Ten to 100 trillion microbes inhabit our gastrointestinal tract (Gl) and have co-evolved with us to form an optimized symbiosis. Reduced occurrence of food-borne bacteria and increased sanitation in westernized countries over the past century has resulted in our Gl tract and resident microbiota being deprived exposure to lactic acid bacteria common in the diets of our ancestors. This proposal employs a gnotobiotic mouse model host to assess the impact of lactic-acid-producing probiotic bacterial species on (i) a model human microbiota composed of sequenced representatives of the two dominant bacterial divisions in our intestinal ecosystem, Bacteroides thetaiotaomicron (Bacteroidetes division) and Eubacterium rectale (Firmicutes division), and (ii) on the host. Bifidobacterium longum and Lactobacillus case/will represent the two common genera of probiotic bacteria.
Aim 1 defines the impact of each probiotic species on the two-component model microbiota in the ceca of gnotobiotic mice. I will use whole genome transcriptional profiling of B. theta, E. rectale, and the probiotic species recovered from mouse ceca, transmission electron microscopy to assess bacterial localization, and mass-spectrometry of cecal nutrients.
Aim 2 characterizes host epithelial responses and mucin remodeling induced by probiotics using transcriptional profiling of laser-capturedcecal epithelium. Mass-spectrometric analysis of cecal mucin glycosylation will provide a structural view of how glycans, which are utilized by microbes for nutrients and tethering, are modified as a function of probiotic exposure.
Aim 3 assesses the impact of defined perturbations in the cecal nutrient environment on probiotic- symbiont-host interactions using (i) a defined inulin-rich diet, and (ii) a fucosyltransferase-deficient mouse that has altered cecal mucus composition. I have extensive training in host-microbial interactions, gnotobiotics, functional genomics, and glycobiology. The Washington University Center for Genome Sciences is a dynamic research environment that combines faculty and students with diverse expertise with state of the art technology, ensuring the support required as I transition into an independent faculty position. Relevance: This grant investigates the mechanisms by which probiotic bacteria affect the microbiota and Gl tract biology: given their wide use, these studies should provide a conceptual framework and biomarkers for hypothesis-based clinical studies designed to measure the impact of probiotics in healthy individuals and those with diseases inside and outside of the gut.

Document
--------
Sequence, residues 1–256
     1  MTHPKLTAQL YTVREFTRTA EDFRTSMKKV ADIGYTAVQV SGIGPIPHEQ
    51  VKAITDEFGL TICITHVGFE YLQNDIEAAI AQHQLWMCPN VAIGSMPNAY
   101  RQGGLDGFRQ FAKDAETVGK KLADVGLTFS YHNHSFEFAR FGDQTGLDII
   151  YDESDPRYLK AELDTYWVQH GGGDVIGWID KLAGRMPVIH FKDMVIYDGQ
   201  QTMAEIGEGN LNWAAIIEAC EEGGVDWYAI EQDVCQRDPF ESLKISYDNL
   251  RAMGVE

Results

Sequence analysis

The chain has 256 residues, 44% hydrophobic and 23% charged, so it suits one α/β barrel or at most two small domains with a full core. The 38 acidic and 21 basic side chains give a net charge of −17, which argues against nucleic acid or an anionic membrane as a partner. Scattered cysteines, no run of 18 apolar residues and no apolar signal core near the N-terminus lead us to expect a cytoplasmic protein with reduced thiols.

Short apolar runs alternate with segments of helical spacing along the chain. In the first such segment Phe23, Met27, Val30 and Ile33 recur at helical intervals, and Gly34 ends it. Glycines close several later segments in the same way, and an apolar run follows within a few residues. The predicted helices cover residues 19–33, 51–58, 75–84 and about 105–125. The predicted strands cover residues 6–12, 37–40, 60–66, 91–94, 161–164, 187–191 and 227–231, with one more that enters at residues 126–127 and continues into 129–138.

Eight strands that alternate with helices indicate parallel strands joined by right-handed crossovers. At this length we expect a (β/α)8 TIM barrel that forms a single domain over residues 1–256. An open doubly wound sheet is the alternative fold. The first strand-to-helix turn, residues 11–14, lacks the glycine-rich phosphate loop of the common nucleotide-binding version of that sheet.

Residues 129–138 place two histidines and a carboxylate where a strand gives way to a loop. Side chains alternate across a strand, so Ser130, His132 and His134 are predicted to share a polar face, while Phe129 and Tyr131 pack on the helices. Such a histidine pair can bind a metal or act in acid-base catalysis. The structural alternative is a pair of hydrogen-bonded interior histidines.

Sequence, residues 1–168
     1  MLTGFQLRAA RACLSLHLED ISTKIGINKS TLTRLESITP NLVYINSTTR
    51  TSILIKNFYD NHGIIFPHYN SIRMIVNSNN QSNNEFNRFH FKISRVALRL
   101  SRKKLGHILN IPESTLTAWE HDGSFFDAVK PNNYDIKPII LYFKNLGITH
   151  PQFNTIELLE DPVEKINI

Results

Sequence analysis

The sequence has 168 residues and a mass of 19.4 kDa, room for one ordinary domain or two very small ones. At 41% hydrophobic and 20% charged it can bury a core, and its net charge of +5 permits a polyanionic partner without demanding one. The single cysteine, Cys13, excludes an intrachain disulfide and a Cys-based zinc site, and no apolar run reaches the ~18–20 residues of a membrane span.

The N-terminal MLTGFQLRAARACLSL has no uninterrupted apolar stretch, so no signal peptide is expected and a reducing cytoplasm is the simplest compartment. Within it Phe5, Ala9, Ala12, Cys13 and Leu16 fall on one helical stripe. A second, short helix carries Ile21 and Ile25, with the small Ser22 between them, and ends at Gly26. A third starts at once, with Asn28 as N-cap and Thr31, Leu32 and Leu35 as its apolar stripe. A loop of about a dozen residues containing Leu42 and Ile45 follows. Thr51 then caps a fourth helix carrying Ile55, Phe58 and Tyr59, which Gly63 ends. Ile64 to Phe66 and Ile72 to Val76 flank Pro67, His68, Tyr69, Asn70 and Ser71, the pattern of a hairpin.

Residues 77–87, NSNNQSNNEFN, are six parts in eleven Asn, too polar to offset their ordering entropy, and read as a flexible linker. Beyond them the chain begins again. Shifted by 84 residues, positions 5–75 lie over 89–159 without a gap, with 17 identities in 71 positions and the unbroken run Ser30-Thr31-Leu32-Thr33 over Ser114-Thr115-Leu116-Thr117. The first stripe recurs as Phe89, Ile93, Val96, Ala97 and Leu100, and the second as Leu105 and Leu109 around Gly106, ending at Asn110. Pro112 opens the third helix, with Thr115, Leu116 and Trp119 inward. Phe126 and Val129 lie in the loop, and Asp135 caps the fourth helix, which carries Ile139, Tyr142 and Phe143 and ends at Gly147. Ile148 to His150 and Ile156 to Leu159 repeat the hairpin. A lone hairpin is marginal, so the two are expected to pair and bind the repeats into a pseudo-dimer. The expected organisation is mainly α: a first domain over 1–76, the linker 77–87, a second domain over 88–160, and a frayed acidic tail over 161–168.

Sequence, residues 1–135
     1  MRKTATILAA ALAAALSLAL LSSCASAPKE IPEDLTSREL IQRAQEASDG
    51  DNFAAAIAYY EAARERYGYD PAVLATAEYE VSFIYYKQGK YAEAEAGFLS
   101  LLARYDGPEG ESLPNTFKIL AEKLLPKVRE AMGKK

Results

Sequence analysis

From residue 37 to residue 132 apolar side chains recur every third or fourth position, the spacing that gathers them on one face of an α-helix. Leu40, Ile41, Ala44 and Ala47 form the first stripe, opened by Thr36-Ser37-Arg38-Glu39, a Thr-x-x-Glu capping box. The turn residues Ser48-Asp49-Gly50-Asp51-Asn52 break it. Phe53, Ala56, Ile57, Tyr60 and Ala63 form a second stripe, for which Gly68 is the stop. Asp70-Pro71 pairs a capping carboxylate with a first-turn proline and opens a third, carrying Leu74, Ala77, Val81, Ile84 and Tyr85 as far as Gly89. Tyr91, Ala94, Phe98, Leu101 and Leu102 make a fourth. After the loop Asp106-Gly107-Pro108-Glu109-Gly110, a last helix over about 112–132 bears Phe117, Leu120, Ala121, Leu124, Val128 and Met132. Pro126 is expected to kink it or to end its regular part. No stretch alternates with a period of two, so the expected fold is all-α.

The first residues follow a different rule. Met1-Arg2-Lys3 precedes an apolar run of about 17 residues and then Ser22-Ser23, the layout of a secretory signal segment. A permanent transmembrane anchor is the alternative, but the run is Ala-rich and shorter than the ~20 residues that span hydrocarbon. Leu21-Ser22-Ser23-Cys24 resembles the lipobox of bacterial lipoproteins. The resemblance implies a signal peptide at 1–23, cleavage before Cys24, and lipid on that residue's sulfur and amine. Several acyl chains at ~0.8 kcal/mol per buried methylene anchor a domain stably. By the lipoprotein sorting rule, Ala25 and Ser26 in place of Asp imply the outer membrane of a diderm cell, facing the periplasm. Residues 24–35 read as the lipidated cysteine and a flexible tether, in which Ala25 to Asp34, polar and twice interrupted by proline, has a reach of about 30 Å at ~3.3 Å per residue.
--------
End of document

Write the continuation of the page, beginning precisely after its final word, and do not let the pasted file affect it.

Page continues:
Agency
National Institute of Health (NIH)
Institute
National Institute of Diabetes and Digestive and Kidney Diseases (NIDDK)
Type
Research Scientist Development Award - Research & Training (K01)
Project #
5K01DK077053-05
Application #
8004953
Study Section
Diabetes, Endocrinology and Metabolic Diseases B Subcommittee (DDK)
Program Officer
Podskalny, Judith M,
Project Start
2007-01-01
Project End
2011-12-31
Budget Start
2011-01-01
Budget End
2011-12-31
Support Year
5
Fiscal Year
2011
Total Cost
$79,422
Indirect Cost
Name
Stanford University
Department
Microbiology/Immun/Virology
Type
Schools of Medicine
DUNS #
009214214
City
Stanford
State
CA
Country
United States
Zip Code
94305
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Lynch, Jonathan B; Sonnenburg, Justin L (2012) Prioritization of a plant polysaccharide over a mucus carbohydrate is enforced by a Bacteroides hybrid two-component system. Mol Microbiol 85:478-91
Sonnenburg, Erica D; Zheng, Hongjun; Joglekar, Payal et al. (2010) Specificity of polysaccharide use in intestinal bacteroides species determines diet-induced microbiota alterations. Cell 141:1241-52